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Thursday, March 13, 2008

Sentimental Journey Completed

So this is where we are now? A lot of folks are still looking for us via the old link and I hope they find us. Were I inclined to conspiracy theories, I’d feel like the paper doesn’t care about our Neighborhood. If they aren’t “accidentally” losing our posts and spending a couple of weeks getting it more or less straightened out, they purposely change the posting site just when I was getting the hang of the old one.

And speaking of old…I’ve gotten older through this last change (and the never ending sniping of the campaign is making me feel even older). Previously on “In Your Neighborhood” I’d planned a sentimental journey to Whidbey Island with my dearest friend Nikki. We made that trip blessed by good weather, good food, and best of all, good company set against the backdrop of quaint Coupeville and Mother Nature’s light show in the form of a lunar eclipse.

If you want a weekend (or better yet mid-week) get-away, Whidbey Island may fit the bill. Coming from Gig Harbor and my friend from Mt. Angel, Oregon, we decided to take the recently reinstituted car ferry from Port Townsend to Coupeville. With my husband Dave in tow, we met in Poulsbo and launched our mini holiday on February 18th over lunch at The Magnolia Café. I had their crab cakes which were wonderful.

From Poulsbo we caravanned to Port Townsend where we got in line for the little Pierce County ferry, cabbaged from the Anderson Island run that is making it possible for people to use their cars to get to Whidbey Island from that departure point. It saved us a long boring drive up I-5 to the Mukilteo to Clinton ferry, especially since our reservations were in Coupeville.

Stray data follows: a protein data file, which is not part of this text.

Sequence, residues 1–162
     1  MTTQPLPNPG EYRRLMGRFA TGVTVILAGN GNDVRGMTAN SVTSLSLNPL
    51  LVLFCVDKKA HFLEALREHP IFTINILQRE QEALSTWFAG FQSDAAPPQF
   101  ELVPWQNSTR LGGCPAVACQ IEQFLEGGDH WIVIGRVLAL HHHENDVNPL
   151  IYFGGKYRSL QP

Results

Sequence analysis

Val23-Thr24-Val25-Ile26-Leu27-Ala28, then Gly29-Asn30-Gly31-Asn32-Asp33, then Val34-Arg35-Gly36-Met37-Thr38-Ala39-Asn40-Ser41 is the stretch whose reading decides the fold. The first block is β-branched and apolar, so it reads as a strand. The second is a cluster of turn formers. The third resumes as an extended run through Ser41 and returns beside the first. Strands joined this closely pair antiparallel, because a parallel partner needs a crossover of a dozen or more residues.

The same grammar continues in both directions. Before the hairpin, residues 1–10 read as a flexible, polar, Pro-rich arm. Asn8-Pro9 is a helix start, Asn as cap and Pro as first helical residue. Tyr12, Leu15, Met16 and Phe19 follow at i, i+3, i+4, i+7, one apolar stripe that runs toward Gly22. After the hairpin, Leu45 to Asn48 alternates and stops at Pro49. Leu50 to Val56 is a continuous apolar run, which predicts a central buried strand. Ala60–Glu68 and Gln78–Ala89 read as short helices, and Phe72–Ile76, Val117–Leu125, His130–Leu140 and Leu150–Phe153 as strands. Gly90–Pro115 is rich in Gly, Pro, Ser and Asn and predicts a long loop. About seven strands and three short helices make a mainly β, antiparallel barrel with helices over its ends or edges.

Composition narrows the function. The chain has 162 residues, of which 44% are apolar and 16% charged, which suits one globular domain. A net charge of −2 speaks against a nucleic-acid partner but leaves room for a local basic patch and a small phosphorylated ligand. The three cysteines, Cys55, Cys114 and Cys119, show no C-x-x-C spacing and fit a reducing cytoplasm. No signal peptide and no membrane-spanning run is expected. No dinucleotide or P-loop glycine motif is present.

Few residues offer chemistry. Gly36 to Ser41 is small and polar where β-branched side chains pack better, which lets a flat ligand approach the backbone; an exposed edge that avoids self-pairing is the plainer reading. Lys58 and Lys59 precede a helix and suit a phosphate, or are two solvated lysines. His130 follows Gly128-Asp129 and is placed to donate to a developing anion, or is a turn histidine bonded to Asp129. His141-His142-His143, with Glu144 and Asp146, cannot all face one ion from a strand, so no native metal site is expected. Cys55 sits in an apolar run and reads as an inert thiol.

It was last fall that Nikki and I had been talking about Whidbey and made the decision to spend our birthdays there. We have shared our birthdays many times over the 50+ years of our acquaintance. We’ve had slumber parties, a trip to the Captain Puget Show, and a magician intended for someone else’s party. We’ve gone to Manresa Castle in Port Townsend and the Amethyst Inn in Victoria, BC and the Quinault Lodge. Although the Anchorage Inn in Coupeville isn’t as grand as the big old Amethyst Inn it was lovely and Dave and Dianne Binder, the owner/proprietors made us feel like we’d come home.

The Victorian style Bed & Breakfast was really built in 1987—yes, that nineteen-eighty-seven—as a B&B and faithfully reproduces exactly what you expect in a Victorian Inn. It is not opulent, but you are treated like royalty from the comfy uniqueness of each room to the beautifully set table each morning with napkins folded into fans and animals that herald a different delightful breakfast each morning. The Anchorage offers a 15% discount to midweek winter visitors and since our birthdays fell on Tuesday and Wednesday we opted to avail ourselves of their generous offer and spent a night longer than we might otherwise have.

The Anchorage is located within easy walking distance from shops and restaurants. Our first night we dined at Christopher’s where Nikki and I had the roasted salmon with raspberry sauce. Raised in the Pacific Northwest, we have eaten a lot of salmon over the years, frequently together, and we agreed that this succulent fish with its sweet and sour raspberry sauce was the best we’d ever put into our mouths, just beating out the Cajun Salmon Caesar salad we had at the Edmonds Arts Fair with my dad several years ago.